Many Christian churches encourage their members to engage in the ancient practice of tithing. A comparable practice in Islam is the zakat. At first glance, the Christian tithe—a 10% rate—appears higher than the Islamic zakat—a 2.5% rate. However, the Christian tithe is assessed on the adherent’s income, while Islamic zakat is assessed on the adherent’s wealth. To hone in on the essential difference, let’s look at two high-rollers who live exclusively off their wealth.
Methodist Philip and Muslim Omar are both happy, debt-free, house-renting, car-leasing retired doctors living off municipal bond portfolios valued at $10 million that yield a tax-free annual income of $300,000. Philip fulfils his tithing obligation by paying $30,000, while Omar fulfils his zakat obligation by paying $250,000. Needless to say, the two rates aren’t apples-to-apples.
The anomaly emerges because there’s a difference between a household’s income, which is an economic flow, and a household’s assets, which is an economic stock. The distinction between stocks and flows is important in economic and business analysis. They are also essential to understanding the “wealth taxes” recently proposed by prominent presidential candidates.
Sen. Elizabeth Warren is proposing a 2% tax on household wealth above $50 million and a 3% tax on household wealth above $1 billion. In fact, “2 cents” has become a chant at Warren rallies. CNBC reporter Robert Frank articulated the chant’s sentiments: “Who can argue that the super-rich can’t afford 2 cents?”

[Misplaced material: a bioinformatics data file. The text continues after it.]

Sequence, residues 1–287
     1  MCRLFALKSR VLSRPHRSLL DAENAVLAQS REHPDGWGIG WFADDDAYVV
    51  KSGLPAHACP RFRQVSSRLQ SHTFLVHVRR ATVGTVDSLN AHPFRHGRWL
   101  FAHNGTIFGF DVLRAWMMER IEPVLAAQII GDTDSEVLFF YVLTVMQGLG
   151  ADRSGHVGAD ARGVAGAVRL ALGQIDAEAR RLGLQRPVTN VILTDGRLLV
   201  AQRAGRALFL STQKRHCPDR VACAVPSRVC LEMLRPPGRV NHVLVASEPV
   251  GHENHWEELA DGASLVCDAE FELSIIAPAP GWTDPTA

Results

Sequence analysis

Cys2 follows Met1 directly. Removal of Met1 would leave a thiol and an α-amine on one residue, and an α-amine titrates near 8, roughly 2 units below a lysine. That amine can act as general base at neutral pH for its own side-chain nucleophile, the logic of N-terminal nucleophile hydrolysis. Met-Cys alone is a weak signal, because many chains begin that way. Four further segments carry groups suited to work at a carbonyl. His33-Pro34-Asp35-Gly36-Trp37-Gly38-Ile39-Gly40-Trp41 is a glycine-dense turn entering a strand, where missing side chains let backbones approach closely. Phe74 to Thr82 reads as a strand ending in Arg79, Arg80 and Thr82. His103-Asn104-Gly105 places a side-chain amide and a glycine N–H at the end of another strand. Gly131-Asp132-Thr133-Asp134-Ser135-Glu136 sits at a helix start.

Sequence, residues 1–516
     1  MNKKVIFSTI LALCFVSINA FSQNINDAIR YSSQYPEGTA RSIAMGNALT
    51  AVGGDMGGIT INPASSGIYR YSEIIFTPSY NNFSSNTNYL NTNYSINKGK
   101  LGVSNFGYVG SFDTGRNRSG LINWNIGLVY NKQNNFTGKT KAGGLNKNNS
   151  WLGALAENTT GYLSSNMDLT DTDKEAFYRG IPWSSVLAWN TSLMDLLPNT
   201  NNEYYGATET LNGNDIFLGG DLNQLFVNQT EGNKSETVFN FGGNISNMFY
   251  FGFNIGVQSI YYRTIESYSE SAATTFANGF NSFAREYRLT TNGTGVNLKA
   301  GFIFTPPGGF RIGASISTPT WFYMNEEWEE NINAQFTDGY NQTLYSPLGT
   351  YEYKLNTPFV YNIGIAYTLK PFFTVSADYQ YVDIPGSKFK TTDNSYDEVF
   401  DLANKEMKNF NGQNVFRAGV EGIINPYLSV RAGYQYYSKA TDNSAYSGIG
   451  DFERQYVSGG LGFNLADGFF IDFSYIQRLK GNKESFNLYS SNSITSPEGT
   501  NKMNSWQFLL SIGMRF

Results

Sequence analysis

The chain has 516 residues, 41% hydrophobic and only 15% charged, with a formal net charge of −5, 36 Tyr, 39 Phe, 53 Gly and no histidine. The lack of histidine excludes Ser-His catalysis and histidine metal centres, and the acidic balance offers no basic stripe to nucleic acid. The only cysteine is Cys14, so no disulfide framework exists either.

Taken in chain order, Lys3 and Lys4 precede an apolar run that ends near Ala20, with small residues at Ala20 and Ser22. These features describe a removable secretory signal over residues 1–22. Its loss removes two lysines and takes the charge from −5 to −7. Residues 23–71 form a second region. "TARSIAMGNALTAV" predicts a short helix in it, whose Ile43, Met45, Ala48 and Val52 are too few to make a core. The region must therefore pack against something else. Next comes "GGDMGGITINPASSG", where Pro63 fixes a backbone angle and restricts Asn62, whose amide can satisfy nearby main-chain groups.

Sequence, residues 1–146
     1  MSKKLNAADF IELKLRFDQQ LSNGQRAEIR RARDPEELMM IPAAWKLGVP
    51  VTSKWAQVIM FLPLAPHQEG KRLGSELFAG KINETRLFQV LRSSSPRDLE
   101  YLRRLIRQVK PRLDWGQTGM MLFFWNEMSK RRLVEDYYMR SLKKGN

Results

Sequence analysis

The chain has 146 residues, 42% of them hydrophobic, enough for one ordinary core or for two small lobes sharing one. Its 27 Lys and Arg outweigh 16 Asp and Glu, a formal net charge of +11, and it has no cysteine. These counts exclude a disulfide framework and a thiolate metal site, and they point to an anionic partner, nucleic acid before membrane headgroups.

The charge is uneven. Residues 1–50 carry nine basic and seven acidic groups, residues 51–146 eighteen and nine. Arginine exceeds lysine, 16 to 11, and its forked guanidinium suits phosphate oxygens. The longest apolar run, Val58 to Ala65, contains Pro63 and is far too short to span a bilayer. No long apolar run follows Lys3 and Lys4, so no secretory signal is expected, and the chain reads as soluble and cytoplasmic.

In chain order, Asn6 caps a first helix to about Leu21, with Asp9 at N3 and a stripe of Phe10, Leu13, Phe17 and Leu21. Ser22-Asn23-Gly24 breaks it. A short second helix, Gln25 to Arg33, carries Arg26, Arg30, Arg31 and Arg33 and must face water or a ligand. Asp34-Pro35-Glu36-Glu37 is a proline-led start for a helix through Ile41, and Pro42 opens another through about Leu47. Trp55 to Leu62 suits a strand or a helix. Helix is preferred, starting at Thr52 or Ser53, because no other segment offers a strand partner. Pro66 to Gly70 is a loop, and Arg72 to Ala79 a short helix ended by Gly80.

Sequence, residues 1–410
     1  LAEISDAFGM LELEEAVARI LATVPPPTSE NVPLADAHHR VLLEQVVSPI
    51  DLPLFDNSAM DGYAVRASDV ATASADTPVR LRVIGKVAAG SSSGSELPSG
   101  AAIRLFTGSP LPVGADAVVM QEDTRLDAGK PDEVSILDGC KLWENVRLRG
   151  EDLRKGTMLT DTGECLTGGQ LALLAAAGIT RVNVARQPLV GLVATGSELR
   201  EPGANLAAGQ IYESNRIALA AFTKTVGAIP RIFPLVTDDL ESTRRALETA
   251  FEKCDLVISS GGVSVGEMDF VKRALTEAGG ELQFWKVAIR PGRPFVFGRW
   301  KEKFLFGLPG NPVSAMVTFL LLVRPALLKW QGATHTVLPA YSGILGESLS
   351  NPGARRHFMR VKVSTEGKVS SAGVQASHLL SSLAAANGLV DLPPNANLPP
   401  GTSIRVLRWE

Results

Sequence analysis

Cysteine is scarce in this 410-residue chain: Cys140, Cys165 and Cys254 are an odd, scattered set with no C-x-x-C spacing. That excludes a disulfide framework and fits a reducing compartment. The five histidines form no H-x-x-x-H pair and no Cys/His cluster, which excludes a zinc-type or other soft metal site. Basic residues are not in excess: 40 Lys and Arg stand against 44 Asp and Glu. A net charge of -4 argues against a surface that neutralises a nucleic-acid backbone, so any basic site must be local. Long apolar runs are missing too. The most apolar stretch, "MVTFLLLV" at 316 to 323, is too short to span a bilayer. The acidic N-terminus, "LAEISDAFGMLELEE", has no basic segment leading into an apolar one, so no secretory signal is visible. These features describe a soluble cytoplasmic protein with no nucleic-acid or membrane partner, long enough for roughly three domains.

Perhaps the rich can afford it, but the 2-cent statistic is misleading. In the example above, Omar’s zakat payment is 83% of the annual income from his assets. In reality, Omar’s payment would be less as the zakat permits an exemption for basic living expenses. Allow Omar a generous $150,000 living expense and his liability falls to $100,000 which is a 33% tax rate on his asset’s income.
In a similar fashion, the Warren proposal taxes only wealth in excess of its stated thresholds. For example, a household with $100 million in assets would owe “only” $1 million in wealth taxes under the Warren proposal. Again, assuming a 3% tax-free return on the $100 million, this translates to a 33% tax rate on the income flowing from the wealth.
We will let the reader decide whether wealth taxes are a good idea. Just a heads-up: There is more to it than the putatively low tax rate.•
Bohanon and Curott are professors of economics at Ball State University. Send comments to firstname.lastname@example.org.